Last Night in Soho Review: Edgar Wright Does a Swingin’ Suspiria
Edgar Wright's new picture, Last Night in Soho, doesn't have a funny bone in its body, instead seeking to amaze you with nostalgic scares.
Director Edgar Wright may be best known for his comedies with Simon Pegg and Nick Frost, but – similar to Jordan Peele – he obviously loves horror and can work well within the genre.
Anyone who’s seen the final act of Shaun of the Dead knows this, but unfortunately, his knack for this kind of stuff is overlooked.
Lucky for him and his most ardent fans, Wright gets to go full tilt into horror tropes, formula, and its dreamy surrealism with Last Night in Soho. Though Wright does hit a a few, mostly narrative, speed bumps along the way of the film’s acid trip-esque adventure, he does so with loads of style and nostalgia.
Still, there’s a lot about this film that will divide people.
Subscribe and get our daily emails and follow us on social media.
By opting in, you agree to receive emails with the latest in Comic Culture from Bounding Into Comics. Your information will not be shared with or sold to 3rd parties.
As the film opens, Eloise, or Ellie for short (Thomasin McKenzie), has achievesd her dream of moving to London to become a fashion designer.
However, things at her school dorm quickly get too rowdy for her liking, leading her to move into a rented room that used to belong to a singer with similar dreams who was forced into prostitution named Sandy (Anya Taylor-Joy).
Sandy’s old place is quiet and would feel like home if not for the fact that Ellie is a nascent clairvoyant with vivid dreams who starts seeing Sandy and her tragic past in detail, even interacting with the phantoms of the 1960s in her waking life.
Subsequently, as these demons of the past and the current year collide, Ellie is thrown into a decades-old murder mystery only she can and must solve, no matter the cost.
Horror can be an explicitly feminist genre, and so it is in Last Night in Soho. I wouldn’t be surprised if the pitch for this movie was “Let’s go back to the 60s, but not in the sense that they were ‘the good old days’. They weren’t simpler or more innocent times, especially not for women, so let’s show people that.”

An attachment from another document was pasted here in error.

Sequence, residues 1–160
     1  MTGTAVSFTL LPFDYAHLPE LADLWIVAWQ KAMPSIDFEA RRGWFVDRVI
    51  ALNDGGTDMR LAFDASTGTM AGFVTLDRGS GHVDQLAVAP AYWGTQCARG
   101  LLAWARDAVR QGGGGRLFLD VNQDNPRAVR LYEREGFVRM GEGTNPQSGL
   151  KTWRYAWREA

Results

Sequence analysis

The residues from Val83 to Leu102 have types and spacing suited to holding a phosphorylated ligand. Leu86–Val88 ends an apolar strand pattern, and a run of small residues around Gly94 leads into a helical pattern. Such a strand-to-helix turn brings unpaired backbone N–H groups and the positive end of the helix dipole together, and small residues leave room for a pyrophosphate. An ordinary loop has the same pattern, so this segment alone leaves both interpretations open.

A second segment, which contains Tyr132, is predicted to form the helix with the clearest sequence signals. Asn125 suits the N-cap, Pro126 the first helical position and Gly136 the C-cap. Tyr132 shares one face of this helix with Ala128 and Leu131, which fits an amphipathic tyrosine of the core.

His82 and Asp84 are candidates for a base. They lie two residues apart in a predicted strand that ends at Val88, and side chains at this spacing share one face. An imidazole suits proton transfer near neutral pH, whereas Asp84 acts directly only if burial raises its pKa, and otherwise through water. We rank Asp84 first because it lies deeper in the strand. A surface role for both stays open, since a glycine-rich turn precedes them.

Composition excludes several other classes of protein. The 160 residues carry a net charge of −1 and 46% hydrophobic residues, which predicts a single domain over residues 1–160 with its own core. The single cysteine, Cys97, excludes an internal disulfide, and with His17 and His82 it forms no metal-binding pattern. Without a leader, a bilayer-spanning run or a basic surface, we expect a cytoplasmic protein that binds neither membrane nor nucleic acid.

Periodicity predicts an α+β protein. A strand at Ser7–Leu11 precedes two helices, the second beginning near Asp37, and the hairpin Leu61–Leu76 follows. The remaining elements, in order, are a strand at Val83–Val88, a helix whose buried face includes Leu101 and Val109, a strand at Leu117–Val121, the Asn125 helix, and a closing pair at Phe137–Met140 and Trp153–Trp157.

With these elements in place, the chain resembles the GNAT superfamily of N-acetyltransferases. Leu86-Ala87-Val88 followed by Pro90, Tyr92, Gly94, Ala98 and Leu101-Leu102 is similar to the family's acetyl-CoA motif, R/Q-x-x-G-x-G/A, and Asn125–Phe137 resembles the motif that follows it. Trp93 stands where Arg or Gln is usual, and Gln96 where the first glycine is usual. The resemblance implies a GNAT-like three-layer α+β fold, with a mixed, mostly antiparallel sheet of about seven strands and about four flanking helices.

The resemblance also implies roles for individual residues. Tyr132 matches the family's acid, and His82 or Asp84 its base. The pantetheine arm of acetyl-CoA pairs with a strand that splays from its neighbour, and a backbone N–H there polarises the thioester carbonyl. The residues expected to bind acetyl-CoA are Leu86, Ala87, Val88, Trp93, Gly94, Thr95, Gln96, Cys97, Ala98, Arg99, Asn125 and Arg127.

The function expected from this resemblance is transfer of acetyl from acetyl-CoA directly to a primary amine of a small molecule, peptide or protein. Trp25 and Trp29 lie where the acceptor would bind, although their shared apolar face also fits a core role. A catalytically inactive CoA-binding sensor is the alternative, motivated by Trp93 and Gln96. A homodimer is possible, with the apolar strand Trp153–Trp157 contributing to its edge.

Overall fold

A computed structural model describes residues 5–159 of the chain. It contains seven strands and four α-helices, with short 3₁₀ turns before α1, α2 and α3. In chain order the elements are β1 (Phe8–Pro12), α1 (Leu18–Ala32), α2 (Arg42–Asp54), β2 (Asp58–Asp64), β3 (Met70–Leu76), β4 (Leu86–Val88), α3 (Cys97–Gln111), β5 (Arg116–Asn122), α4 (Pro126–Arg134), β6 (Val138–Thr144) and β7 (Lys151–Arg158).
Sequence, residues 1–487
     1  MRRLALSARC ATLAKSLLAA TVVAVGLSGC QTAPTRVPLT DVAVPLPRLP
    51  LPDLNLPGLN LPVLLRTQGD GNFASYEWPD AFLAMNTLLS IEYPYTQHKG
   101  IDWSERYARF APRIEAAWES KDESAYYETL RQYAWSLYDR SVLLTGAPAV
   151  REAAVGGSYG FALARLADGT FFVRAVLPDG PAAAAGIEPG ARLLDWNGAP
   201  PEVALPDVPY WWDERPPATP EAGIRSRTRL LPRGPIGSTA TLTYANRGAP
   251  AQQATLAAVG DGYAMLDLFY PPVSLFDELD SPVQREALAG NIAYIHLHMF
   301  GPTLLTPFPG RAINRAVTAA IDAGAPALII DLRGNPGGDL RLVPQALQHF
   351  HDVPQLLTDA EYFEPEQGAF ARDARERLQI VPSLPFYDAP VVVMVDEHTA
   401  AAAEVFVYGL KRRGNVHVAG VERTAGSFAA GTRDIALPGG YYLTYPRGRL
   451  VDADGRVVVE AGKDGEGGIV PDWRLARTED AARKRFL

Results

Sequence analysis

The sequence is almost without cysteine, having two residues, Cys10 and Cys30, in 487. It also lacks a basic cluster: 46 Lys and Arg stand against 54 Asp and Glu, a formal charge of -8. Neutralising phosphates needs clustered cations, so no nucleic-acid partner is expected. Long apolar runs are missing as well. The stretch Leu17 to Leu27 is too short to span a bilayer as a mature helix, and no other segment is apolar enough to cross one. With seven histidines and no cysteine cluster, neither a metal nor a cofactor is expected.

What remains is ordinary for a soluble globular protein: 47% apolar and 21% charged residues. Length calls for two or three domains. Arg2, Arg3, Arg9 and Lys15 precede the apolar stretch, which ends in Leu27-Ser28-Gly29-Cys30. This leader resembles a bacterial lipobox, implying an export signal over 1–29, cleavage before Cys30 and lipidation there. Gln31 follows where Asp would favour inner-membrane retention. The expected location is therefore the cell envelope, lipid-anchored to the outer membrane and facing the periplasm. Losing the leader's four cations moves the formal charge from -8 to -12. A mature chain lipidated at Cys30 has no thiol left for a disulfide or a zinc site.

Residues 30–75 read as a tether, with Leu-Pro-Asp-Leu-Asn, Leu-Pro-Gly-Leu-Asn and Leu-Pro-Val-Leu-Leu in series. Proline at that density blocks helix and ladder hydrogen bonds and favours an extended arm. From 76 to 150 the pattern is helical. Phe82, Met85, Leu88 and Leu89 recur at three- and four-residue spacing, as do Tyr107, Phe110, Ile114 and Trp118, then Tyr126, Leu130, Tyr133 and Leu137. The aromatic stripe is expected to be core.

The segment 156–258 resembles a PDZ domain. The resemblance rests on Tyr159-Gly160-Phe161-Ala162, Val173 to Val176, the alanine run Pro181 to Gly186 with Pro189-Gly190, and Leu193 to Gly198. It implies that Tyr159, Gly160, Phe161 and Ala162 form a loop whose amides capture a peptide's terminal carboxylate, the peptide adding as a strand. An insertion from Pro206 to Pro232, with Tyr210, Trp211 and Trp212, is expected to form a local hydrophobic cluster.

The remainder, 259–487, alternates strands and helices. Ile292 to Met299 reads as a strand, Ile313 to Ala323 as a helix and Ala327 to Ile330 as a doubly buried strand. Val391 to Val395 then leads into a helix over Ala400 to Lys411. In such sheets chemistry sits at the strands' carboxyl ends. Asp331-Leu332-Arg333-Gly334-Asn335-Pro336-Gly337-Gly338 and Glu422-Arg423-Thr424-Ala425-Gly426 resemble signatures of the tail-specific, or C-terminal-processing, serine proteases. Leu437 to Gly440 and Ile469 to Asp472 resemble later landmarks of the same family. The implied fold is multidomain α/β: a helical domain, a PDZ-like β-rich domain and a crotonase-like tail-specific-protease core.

And, boy, Wright leans heavily into the theme of toxic masculinity.
Most men in the film, both past and present – even Matt Smith (who plays a pimp) and Terence Stamp (who serves only as a red herring) – are creepy, predatory, or ignoble to some degree.
For example, in one particularly contrived instance, a cab driver makes Ellie’s first night in London uncomfortable through his comments and lack of social cues, so she flees into a grocery store waiting for him to drive off.
However, other than this one moment, Ellie is seen pretty confidently walking the streets day and night. Further, no one else is picked up by a strange taxi, least of all by a driver who is never to be seen again.
One male, Ellie’s love interest John (Michael Ajao), stands out as the sensitive nice guy with no bad motives, but his short and slim stature is evocative of a ‘beta male’. Yet, despite usually waiting for permission and doing what he’s told, John constantly puts his life in danger by playing the hero and swooping in to help Ellie.
Wright tries to offer balance by showing the two-faced nature of virtue signaling through the behavior of Ellie’s catty dorm roommates (they even throw the word “brave” around), but this theme comes and goes without being dwelled on thoughtfully.
No Greater Joy
The best part of Last Night in Soho is its performances. As Sandy, Anya Taylor-Joy steals every scene she’s in, proving that she really should get Oscar consideration for Best Supporting Actress. She’s not a bad singer either.
Her character arc is firmly fleshed out with a clear beginning, middle,and end which include ups, downs, and conflict you won’t see coming. It’s an interesting-if-familiar story of payback and the refusal of sins past to stay buried, but all the gray shaded layers of Sandy gel in a way that presents her as a a complicated person with no easy answers forthcoming in life.
Joy is good casting, and honestly, Soho is well-acted all around. Thomasin McKenzie is a very likable lead, and though she might be a tad overwrought, you feel for her on her journey to understand her ghostly visions – especially when she comes to Sandy’s rescue in vain.
The camera work and the collision of time periods really help the film’s aesthetics, but the visual effects look cheap in particular spots.
Additionally, while a genuine surprise, the unspoken twist – that the killer is right under our noses the whole time and not who you think it is – feels like something we’ve seen director Dario Argento (Suspiria (Suspiria (1971)) do a dozen times before. To that end, allusions to his corpus and color palate are obvious and will please both Wright’s fans as well as Giallo cinephiles.
Last Night in Soho is executed better than Halloween Kills in its reverence and nostalgia for horror, but if you’re somebody who can’t stand sitting through the woke bits I mentioned, you best steer clear.